Cruising Most Commented

Easy-clean anchor chain

by Sail Staff, Posted August 5, 2009
If you spend any time anchored in warm water, your anchor chain will attract enough growth to make bringing it back on deck a messy operation. I’ve watched cruisers whose anchors have been down for a while take a full day to scrub each link of chain clean. I have a better and easier way.

Because growth on anchor chain will be limited to the section of the chain that extends from the surface


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We used to have to scrub our deck to remove the rust bleeding off the base of our steel propane tank. Then my husband, Dave, cut a piece of garden hose long enough to completely enclose the tank’s circular base. He slit the hose lengthwise and fit it over the lip of the tank base. The hose keeps our deck free of rust and protects it from getting dinged by the metal tank. Don’t forget to remove
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Safety: Twist and shout

by Charles Mason, Posted August 5, 2009
Here’s a maneuver that can make it easier to get someone who is not injured out of the water. First, have the person in the water is face you, and then ask them to raise their arms straight up and cross them over their head. When their arms are crossed, grasp their wrists firmly with your hands—put your right hand on their right wrist and your left on their left. When you pull up on their wrists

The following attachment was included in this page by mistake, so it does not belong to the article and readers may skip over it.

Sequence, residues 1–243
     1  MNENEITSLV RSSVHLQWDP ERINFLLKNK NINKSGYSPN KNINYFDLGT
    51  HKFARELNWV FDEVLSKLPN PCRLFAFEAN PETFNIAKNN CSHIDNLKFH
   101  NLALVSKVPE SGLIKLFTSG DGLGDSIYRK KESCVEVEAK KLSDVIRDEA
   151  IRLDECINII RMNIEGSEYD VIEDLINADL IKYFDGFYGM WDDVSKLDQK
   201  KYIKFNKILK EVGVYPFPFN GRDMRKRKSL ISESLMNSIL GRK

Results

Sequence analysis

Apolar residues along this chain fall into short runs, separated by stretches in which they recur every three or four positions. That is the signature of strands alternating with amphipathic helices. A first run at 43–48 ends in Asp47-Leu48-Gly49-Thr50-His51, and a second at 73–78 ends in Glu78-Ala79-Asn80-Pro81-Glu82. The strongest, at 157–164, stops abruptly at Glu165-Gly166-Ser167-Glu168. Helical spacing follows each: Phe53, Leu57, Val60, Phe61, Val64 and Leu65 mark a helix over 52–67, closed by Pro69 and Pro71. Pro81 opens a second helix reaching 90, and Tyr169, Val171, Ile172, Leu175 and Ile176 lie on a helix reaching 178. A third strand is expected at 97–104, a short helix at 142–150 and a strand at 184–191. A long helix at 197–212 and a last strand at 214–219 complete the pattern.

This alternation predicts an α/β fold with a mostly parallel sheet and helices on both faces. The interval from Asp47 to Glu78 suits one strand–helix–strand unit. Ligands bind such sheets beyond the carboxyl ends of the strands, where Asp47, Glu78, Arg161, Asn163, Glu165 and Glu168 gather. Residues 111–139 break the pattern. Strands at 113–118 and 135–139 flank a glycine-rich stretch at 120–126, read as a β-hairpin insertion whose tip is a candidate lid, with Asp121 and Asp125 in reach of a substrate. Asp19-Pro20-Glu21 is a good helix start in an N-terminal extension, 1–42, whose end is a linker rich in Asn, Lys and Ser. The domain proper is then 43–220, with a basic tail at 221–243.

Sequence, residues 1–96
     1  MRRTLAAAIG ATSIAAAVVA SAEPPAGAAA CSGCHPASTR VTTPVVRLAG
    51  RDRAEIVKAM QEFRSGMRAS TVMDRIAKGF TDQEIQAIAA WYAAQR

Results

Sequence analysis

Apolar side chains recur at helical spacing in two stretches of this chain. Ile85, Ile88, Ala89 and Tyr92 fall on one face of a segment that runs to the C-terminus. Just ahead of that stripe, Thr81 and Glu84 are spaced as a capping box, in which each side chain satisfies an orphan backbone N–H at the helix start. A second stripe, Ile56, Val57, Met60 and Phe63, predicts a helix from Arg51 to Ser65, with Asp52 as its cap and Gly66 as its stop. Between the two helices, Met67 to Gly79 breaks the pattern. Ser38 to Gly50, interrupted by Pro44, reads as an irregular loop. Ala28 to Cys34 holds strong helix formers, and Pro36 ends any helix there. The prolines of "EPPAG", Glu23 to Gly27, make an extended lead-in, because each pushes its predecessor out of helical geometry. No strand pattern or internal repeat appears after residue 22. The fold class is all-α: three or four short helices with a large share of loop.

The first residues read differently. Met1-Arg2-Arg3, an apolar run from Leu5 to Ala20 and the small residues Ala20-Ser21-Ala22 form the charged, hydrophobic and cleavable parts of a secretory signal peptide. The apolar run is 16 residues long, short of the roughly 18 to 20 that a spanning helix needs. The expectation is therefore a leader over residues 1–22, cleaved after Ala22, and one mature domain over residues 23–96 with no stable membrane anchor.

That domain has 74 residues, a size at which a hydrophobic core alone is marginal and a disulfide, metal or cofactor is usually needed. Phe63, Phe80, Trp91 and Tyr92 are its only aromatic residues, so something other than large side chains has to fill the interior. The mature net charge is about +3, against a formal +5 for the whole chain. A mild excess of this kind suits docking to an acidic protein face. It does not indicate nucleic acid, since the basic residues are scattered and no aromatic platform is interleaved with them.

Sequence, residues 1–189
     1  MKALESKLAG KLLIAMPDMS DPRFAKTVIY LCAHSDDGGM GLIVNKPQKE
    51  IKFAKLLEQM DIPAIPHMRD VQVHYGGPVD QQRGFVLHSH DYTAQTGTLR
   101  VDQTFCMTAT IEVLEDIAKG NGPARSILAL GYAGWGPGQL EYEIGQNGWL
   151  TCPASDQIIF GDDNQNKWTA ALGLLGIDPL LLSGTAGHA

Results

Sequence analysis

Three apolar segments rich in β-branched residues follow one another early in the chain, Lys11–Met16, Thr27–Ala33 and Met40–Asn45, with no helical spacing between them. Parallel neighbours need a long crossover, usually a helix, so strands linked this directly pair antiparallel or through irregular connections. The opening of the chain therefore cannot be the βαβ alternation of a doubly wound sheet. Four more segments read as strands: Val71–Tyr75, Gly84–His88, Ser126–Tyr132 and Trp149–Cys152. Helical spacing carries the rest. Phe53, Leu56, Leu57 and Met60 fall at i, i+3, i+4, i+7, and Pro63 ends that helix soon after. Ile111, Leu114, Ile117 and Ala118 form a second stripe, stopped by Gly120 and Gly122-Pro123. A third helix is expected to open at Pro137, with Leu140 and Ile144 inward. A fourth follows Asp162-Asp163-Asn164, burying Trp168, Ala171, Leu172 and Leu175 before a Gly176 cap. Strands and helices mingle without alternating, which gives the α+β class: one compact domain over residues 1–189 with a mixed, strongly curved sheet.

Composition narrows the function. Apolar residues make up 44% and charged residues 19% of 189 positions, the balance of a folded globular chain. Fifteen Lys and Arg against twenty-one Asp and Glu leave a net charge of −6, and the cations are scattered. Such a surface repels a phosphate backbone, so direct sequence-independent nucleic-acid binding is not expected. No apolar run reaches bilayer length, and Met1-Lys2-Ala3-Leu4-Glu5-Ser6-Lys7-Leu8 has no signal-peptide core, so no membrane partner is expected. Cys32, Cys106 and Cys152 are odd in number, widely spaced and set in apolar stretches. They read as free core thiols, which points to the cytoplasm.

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Go Fly a Kite!

by Craig Davis, Posted August 3, 2009

Recent years have seen a minor revolution in downwind sailing. We have witnessed not only the rebirth of the a symmetrical spinnaker (A-sail), better-designed and stronger-built symmetrical spinnakers (S-sails), but even more recently, the Parasailor2, a sail that might lead many long-distance cruisers to rethink their off-the-wind inventories.

We tested these these


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Hurricane preparation

by David Schmidt, Posted August 3, 2009
“Staying aboard is a terrible idea!” says Bob Adriance, the Technical Director at Boat US, which insures some 200,000 boats in the U.S. “There is little — if anything — you can do to protect your boat and it’s extremely dangerous. People have been killed.”

Adriance advises that location is the biggest factor in determining how safe your boat will be during a hurricane. “A small seawall


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